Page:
Yes, I'm aware of her poverty. Today, however, I don't see it.

Alabama Pastor's Take on Latest Anti-Immigrant Legislation

Photo by Kathryn Kendrick, Greater Birmingham Ministries
HB 658 protest at the Alabama state house. Photo by Kathryn Kendrick, Greater Birmingham Ministries

Here we are today, caught in an economic slump, finding ways to once again dehumanize those that we encouraged to come. The very people who have harvested our food, built our homes and served us over the past 30-plus years, we now declare criminals.

In my beloved Alabama, where 3 percent of the population (largely Hispanic) is estimated to be undocumented, our state government has created the harshest and most egregious anti-immigrant laws in the country. Rep. Micky Hammon and Sen. Scott Beason, sponsors and writers of HB56, stated that these laws would create an atmosphere of “self deportation.” I can only wonder how Native Americans might feel about that concept.

HB56 — passed by the legislature and signed into law by Gov. Robert Bentley in June 2011 — has now been replaced by HB658. The stated purpose of the new legislation was to simplify HB56 and make enforcement less complicated. In the process, stricter guidelines and harsher treatment were incorporated while simplification was ignored.

I am compelled to look at this law as a child of God within the Christian faith, accepting that all people in this world are my brothers and sisters, created by the God who breathed life into me and into them, making us one family.

Hundreds Protest Alabama Immigration Law

Courtesy Greater Birmingham Ministries
Courtesy Greater Birmingham Ministries

Hundreds of Alabamians gathered at the state Capitol grounds after their legislators passed HB 658, a harsher version of now infamous anti-immigrant HB56.

HB658 calls for the creation of an online public database to expose individuals’ identities. The database would list the names of all undocumented immigrants who have appeared in court. In addition, the law targets innocent children by requiring schools to check the immigration status of students. It is both reckless and morally indefensible.

Crisis on the Canadian Border

Passport photo, Jennie Book / Shutterstock.com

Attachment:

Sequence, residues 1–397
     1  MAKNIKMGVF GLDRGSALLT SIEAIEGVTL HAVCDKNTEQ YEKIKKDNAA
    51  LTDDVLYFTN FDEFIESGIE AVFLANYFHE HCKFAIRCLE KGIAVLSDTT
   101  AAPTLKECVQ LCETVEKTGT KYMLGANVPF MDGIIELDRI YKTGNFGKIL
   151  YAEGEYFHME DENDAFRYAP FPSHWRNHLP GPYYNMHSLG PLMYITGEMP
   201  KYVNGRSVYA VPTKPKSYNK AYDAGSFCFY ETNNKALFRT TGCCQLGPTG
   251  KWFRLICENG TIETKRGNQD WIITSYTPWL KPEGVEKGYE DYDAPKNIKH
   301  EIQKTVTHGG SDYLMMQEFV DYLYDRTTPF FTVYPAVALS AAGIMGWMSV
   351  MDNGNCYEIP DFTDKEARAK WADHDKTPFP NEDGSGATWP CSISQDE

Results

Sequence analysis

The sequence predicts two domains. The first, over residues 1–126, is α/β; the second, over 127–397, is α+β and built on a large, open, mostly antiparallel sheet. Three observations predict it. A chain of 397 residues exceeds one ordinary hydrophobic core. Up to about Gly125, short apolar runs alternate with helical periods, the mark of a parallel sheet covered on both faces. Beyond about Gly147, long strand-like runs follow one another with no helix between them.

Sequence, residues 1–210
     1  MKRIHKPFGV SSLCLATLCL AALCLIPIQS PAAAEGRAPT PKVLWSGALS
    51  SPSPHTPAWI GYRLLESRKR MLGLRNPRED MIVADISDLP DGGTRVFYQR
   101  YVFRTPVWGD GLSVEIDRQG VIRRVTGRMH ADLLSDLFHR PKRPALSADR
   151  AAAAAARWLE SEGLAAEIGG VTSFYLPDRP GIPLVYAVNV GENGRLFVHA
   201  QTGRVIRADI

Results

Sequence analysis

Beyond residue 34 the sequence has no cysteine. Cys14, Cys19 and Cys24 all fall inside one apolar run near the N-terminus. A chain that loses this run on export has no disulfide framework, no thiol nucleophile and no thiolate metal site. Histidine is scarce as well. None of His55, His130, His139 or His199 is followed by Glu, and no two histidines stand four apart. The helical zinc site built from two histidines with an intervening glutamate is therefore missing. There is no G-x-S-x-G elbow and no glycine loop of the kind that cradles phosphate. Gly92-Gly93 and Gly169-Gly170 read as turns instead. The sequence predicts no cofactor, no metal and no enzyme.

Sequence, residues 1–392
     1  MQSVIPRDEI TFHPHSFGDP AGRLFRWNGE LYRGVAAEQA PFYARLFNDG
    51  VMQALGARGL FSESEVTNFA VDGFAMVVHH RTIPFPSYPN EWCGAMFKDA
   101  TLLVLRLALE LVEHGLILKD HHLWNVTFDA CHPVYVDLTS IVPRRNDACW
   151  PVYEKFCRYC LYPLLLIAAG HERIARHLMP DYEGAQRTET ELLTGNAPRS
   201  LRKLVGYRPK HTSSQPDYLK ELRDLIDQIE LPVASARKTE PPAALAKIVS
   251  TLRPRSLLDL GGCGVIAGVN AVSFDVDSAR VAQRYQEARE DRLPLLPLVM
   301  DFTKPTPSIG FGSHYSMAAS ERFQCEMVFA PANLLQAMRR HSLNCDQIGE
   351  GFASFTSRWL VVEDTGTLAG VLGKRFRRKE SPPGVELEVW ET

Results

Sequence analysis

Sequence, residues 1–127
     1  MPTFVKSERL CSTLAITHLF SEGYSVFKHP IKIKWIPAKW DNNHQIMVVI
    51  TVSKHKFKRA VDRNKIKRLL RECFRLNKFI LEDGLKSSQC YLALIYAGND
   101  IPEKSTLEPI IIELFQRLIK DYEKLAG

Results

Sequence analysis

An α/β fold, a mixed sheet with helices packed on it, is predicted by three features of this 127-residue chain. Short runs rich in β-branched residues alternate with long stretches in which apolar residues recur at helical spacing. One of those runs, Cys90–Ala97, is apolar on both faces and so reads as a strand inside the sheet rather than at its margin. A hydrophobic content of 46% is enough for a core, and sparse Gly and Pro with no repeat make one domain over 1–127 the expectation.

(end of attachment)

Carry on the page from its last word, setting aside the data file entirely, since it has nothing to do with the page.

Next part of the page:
Passport photo, Jennie Book / Shutterstock.com

The debate over immigration policy and border security often focuses on the border shared by the United States and Mexico. However, The New York Times recently offered a revealing and troublesome picture of efforts by the U.S. Border Patrol along the dividing line between the US and Canada.

According to the report, the border agents “hover outside the warehouse where Mexican immigrants sell the salal they pick in the temperate rain forest. Sometimes they confront people whose primary offense, many argue, is skin tone.” 

Alabama’s Indefensible New Immigration Law

By Ryan Rodrick Beiler for Shutterstock.
Father and child at an immigration march in Washington, D.C. By Ryan Rodrick Beiler for Shutterstock.

Last week, Alabama Gov. Robert Bentley made a morally indefensible decision. He signed HB 658, which intensifies the climate of fear that already hangs over Alabama like low dark clouds before a hurricane.

Bentley once claimed that HB 658 would simplify HB 56 — the current anti-immigrant legislation that catapulted Alabama to the national stage. If this is simplification, then I’d like to see Bentley’s version of messed up. HB 658’s additional punitive measures now have created a more problematic situation that exacerbates the current oppression of some of the most vulnerable souls in Alabama.  

The new law is reckless. HB 658 calls for the creation of an online public database to expose the names of all undocumented immigrants who have appeared in court. In addition, the law targets innocent children by requiring schools to check the immigration status of students.